CAPE TOWN, South Africa (AP) — A bipartisan group of U.S. lawmakers is urging the Biden administration to impose sanctions on South Africa over its alleged support for Russia’s invasion of Ukraine, The New York Times reported Tuesday.
Lawmakers have raised concerns about Russia’s aid to South Africa, including the alleged supply of arms, which they say is a way for the country to gain trade benefits from the United States under the law. There is a question mark on the qualification which gives better market access to qualifying sub-Saharan African countries.
The letter, dated June 9, was sent to Secretary of State Anthony Blinken, US Trade Representative Catherine Tai and National Security Adviser Jack Sullivan.
In response, South African Foreign Ministry spokesperson Clayson Monyela said the letter had been “noted,” but South Africa still had the support of the US government to host the African Growth and Opportunity Act (AGOA) meeting.
South Africa is one of the major beneficiaries of AGOA, a law that provides duty-free access to the US market for sub-Saharan African countries that meet certain conditions. The country’s exports to the US through AGOA were estimated at $3 billion last year, and the US is South Africa’s second largest trading partner after China.
Lawmakers proposed moving the upcoming AGOA meeting scheduled for November to another country to send a stronger message that the U.S. stands with Ukraine and does not accept trading partners aiding Russia’s ongoing aggression.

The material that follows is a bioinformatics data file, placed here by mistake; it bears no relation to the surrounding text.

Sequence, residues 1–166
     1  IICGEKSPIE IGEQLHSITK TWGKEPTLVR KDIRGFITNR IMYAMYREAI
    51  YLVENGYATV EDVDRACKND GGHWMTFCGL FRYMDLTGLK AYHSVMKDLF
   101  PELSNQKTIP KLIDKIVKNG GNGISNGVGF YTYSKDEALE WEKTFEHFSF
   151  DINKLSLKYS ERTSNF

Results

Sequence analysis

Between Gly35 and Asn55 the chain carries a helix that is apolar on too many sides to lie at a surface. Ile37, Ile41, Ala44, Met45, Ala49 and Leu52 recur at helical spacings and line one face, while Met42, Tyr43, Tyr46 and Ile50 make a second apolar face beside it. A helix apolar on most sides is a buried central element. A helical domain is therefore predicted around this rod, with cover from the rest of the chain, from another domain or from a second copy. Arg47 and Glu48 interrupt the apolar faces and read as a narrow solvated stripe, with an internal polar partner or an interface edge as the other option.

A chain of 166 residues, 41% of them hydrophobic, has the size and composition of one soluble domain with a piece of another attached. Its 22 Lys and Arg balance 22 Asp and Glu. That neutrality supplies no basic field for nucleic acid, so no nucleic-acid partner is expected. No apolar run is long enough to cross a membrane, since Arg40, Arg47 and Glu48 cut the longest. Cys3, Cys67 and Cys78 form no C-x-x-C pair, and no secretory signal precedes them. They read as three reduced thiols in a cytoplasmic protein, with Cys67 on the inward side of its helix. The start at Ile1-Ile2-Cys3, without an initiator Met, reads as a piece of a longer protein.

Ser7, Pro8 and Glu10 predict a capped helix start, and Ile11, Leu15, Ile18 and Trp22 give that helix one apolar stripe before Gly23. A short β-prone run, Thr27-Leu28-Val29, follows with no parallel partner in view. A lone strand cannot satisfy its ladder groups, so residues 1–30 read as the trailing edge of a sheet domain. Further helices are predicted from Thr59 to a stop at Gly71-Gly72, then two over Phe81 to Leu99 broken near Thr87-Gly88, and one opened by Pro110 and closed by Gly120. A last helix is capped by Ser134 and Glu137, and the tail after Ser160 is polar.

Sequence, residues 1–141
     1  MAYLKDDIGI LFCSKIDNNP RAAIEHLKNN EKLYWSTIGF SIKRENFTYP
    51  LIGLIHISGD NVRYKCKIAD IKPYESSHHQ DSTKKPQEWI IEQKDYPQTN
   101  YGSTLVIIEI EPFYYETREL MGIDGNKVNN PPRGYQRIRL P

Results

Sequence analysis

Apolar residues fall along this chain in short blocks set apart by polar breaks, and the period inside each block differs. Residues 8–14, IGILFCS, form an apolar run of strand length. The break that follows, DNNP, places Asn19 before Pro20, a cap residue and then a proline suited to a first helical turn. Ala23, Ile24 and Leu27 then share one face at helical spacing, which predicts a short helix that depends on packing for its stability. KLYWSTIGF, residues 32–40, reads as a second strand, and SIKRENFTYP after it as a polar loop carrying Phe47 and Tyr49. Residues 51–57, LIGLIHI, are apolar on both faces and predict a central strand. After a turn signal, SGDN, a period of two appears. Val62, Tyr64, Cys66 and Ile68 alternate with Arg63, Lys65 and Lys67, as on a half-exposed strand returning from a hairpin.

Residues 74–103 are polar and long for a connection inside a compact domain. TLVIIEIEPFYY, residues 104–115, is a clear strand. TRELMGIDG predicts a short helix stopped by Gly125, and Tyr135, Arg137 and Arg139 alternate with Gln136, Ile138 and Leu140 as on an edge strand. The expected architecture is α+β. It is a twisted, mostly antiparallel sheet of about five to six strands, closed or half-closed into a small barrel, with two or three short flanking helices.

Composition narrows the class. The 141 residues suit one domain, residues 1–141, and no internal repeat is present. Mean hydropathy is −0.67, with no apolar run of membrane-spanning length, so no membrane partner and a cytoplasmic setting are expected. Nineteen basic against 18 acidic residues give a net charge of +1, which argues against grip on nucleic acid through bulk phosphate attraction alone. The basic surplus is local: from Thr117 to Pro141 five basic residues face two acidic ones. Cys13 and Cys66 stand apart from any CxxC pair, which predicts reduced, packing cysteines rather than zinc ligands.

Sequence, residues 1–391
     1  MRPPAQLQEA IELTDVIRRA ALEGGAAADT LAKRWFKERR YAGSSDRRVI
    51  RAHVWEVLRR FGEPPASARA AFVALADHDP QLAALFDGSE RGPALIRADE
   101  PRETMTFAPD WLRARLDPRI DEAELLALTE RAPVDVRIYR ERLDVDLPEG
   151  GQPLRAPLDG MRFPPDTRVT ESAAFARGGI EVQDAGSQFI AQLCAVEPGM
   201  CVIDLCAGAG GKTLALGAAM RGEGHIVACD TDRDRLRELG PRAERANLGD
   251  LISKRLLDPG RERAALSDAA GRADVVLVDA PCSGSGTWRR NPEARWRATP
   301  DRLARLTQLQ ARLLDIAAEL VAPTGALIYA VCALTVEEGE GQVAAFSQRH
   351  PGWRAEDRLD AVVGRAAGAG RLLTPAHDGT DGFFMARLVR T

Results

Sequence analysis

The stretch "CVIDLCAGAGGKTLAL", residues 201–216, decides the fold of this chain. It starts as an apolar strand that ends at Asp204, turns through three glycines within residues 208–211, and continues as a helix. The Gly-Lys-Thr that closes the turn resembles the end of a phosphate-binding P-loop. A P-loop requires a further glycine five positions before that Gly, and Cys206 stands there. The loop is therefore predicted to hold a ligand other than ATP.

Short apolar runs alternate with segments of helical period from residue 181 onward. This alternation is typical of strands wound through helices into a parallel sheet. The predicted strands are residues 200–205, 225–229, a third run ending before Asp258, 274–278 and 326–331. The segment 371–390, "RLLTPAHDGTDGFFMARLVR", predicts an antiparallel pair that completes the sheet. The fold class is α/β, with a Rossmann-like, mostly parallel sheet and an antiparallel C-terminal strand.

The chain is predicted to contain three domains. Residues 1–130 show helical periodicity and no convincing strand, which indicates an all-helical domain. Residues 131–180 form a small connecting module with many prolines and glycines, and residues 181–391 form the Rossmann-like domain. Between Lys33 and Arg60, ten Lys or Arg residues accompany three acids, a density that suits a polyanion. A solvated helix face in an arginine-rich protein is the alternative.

The letter was signed by Democratic Senator Chris Coons, Republican Senator Jim Risch, Democratic Representative Gregory Meeks and Republican Representative Michael McCall.
Although the US considers South Africa an important political and economic partner, South Africa’s historic ties with Russia, dating back to the Soviet era, have raised concerns. While South Africa claims to adopt a non-aligned stance on the Ukraine conflict, the US sees some of South Africa’s recent actions as supporting Russia rather than maintaining neutrality.
Those concerns came to the fore last month when the US ambassador to South Africa, Reuben Brigitte, accused the country of supplying arms to Russia via a cargo ship that secretly visited a key South African naval base in December.
Lawmakers also cited the visit of a Russian military plane to a South African airbase in April, as well as South Africa’s hosting of Russian and Chinese warships for naval exercises in February, marking the one-year anniversary of the Russian invasion. It’s on birthday.
US lawmakers expressed serious concerns that holding the 2023 AGOA forum in South Africa would implicitly endorse the country’s harmful support for Russia’s invasion of Ukraine and possible violation of US sanctions.
South Africa’s ruling party recently said it would welcome a visit by Russian President Vladimir Putin, even though Putin has been indicted by the International Criminal Court for war crimes in Ukraine.
The main opposition party sees the lawmaker’s letter as a sign that Washington’s patience with South Africa over its relationship with Russia is quickly wearing thin.
Although the Biden administration has not yet mentioned specific sanctions or punitive measures against South Africa, analysts believe that trade law could be used as a possible means of punishment. Any ban on South Africa’s trade with the US would have serious consequences for the continent’s most developed country, which is already suffering from economic stagnation, unemployment and an energy crisis.
A spokesman for South African President Cyril Ramaphosa dismissed any talk of formal sanctions against South Africa over Russian ties as reckless and purely alarmist.